On the Internet, you can hire someone to ensure nobody knows you're a dog

"Reputation management" does not excuse black hat SEO tactics.

Last Sunday, the New York Times published an article about reputation management that I found surprisingly disturbing. Nick Bilton’s reporting of this social trend was excellent. People are coming face to face with their pasts in unwanted ways: pictures of ex-spouses upsetting new relationships, stupid things you did in your youth, abuse from trolls, etc. It’s a familiar story to anyone who’s used the web since its early days. We used to say “On the Internet, nobody knows you’re a dog” (following the famous New Yorker cartoon), but it’s more correct to say that the Internet is like the proverbial elephant that never forgets. And, more often than not, it knows exactly what kind of a dog you are.

That’s old news. We live with it, and the discomfort it causes. What concerns me isn’t the problem of damaged reputations, or of reputation management, but of the techniques reputation consultancies are using to undo the damage. What Bilton describes is essentially search engine optimization (SEO), applied to the reputation problem. The tricks used range from the legitimate to distasteful. I don’t mind creating websites to propagate “good” images rather than bad ones, but creating lots of “dummy” sites that link to your approved content as a way of gaining PageRank is certainly “black hat” SEO. Not the worst black hat SEO, but certainly something I’m uncomfortable with. And I’m fairly confident that much more serious SEO abuses are taking place in the back room, all in the service of “reputation management.”

On Twitter, one of my followers (@mglauber) made the comment “Right to be forgotten?” I agree, there’s a “Right to Be Forgotten.” And there’s a “Right to Outlive Stupid Stuff You Did in the Past.” But the solution is not defacing the public record with black hat SEO tricks. For one thing, that’s only a cosmetic solution. Someone really out to get dirt will have no trouble finding it. More important, I really dislike the casual acceptance of black hat tricks just because they’re deployed in a cause to which most of us are sympathetic.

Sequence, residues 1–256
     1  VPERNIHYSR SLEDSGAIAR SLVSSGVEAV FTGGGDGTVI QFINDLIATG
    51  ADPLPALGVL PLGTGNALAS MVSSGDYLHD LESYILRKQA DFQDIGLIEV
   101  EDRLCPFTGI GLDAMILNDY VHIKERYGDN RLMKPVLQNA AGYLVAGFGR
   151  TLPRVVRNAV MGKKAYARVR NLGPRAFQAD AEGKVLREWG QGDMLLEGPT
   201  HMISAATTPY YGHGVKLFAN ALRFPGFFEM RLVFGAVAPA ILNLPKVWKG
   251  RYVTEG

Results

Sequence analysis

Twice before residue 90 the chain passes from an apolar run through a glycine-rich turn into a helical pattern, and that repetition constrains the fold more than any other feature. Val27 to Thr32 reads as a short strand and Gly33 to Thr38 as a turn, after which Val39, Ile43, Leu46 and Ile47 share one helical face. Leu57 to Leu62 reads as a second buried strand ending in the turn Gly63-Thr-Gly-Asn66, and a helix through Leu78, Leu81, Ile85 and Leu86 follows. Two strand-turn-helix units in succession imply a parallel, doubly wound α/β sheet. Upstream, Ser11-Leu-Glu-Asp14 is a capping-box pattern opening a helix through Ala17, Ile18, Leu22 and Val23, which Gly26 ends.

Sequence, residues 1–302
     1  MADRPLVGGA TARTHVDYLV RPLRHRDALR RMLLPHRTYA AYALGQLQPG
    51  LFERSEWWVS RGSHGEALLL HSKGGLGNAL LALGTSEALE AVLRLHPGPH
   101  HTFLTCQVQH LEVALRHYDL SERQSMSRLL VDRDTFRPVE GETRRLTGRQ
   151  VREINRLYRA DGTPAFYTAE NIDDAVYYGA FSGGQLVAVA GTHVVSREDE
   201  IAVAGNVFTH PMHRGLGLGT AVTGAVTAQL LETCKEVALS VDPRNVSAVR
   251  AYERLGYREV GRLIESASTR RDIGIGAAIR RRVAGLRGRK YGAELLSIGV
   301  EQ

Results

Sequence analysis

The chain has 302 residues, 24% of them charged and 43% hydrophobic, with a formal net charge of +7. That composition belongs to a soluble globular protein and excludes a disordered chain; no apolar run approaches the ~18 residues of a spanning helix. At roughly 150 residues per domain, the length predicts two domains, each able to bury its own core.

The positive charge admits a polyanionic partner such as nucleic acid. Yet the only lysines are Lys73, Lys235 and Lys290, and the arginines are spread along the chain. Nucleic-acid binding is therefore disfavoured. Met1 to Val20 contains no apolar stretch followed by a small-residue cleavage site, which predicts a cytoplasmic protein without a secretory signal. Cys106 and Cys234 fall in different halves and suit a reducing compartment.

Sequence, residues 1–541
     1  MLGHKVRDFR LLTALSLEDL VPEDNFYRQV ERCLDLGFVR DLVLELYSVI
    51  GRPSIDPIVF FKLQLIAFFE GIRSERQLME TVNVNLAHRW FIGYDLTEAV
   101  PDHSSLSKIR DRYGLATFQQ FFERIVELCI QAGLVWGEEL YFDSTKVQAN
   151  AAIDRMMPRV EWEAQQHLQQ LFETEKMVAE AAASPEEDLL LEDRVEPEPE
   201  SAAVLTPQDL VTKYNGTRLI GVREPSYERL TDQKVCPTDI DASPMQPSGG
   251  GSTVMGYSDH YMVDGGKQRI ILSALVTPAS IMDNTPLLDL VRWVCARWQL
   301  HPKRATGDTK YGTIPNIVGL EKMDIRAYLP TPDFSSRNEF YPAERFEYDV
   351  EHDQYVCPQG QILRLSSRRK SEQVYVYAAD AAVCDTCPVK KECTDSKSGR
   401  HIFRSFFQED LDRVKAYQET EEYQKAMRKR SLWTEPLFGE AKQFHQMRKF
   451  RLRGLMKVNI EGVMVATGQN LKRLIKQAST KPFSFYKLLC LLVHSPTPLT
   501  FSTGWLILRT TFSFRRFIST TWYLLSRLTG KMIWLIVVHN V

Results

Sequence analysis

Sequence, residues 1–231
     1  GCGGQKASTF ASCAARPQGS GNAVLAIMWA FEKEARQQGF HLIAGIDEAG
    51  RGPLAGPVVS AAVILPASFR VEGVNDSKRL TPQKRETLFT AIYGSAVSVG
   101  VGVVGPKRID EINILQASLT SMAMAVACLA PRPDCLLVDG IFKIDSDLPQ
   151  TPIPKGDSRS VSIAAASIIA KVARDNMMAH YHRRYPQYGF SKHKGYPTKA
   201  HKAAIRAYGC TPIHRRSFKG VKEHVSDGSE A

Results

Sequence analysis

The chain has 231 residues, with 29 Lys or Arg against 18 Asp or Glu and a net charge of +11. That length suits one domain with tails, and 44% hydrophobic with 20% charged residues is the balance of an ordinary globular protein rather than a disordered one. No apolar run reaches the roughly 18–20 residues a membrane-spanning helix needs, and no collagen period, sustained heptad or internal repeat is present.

I have always been suspicious of technical solutions to human problems. In this case, using black hat SEO for reputation management isn’t even a good technical solution, much less an ethical human solution. The real solution is doing something that humans are much better at than computers: forgetting. Your new significant other doesn’t like Facebook pictures of you and your previous spouse? He or she needs to get over it. That’s how life is lived now. A potential employer is nervous about dumb stuff you did in high school? Get over it. (And if you’re in high school or college, think a bit before you post.) It’s true that the Internet never forgets, but that is hardly a new problem. We forget how well people have remembered in the past, before they had cyberspace to help them. There are always old wedding pictures in family albums and newspapers, and pranks recalled by old roommates who are more willing to talk than they should be. The Internet hasn’t invented the skeleton in the closet, it’s only made it easier to take the skeleton out. That doesn’t mean that humans can’t be mature.


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